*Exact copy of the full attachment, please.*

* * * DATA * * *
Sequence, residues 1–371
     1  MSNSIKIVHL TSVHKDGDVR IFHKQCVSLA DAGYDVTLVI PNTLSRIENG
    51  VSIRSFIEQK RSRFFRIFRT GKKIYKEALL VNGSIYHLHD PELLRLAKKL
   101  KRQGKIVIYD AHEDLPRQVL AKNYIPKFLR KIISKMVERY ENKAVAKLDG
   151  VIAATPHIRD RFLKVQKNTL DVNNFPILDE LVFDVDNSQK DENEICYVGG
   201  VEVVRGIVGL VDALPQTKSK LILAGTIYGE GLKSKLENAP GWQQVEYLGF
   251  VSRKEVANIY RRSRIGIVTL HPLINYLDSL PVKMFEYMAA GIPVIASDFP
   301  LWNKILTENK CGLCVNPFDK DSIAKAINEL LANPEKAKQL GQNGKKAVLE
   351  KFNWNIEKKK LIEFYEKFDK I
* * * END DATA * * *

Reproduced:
Sequence, residues 1–371
     1  MSNSIKIVHL TSVHKDGDVR IFHKQCVSLA DAGYDVTLVI PNTLSRIENG
    51  VSIRSFIEQK RSRFFRIFRT GKKIYKEALL VNGSIYHLHD PELLRLAKKL
   101  KRQGKIVIYD AHEDLPRQVL AKNYIPKFLR KIISKMVERY ENKAVAKLDG
   151  VIAATPHIRD RFLKVQKNTL DVNNFPILDE LVFDVDNSQK DENEICYVGG
   201  VEVVRGIVGL VDALPQTKSK LILAGTIYGE GLKSKLENAP GWQQVEYLGF
   251  VSRKEVANIY RRSRIGIVTL HPLINYLDSL PVKMFEYMAA GIPVIASDFP
   301  LWNKILTENK CGLCVNPFDK DSIAKAINEL LANPEKAKQL GQNGKKAVLE
   351  KFNWNIEKKK LIEFYEKFDK I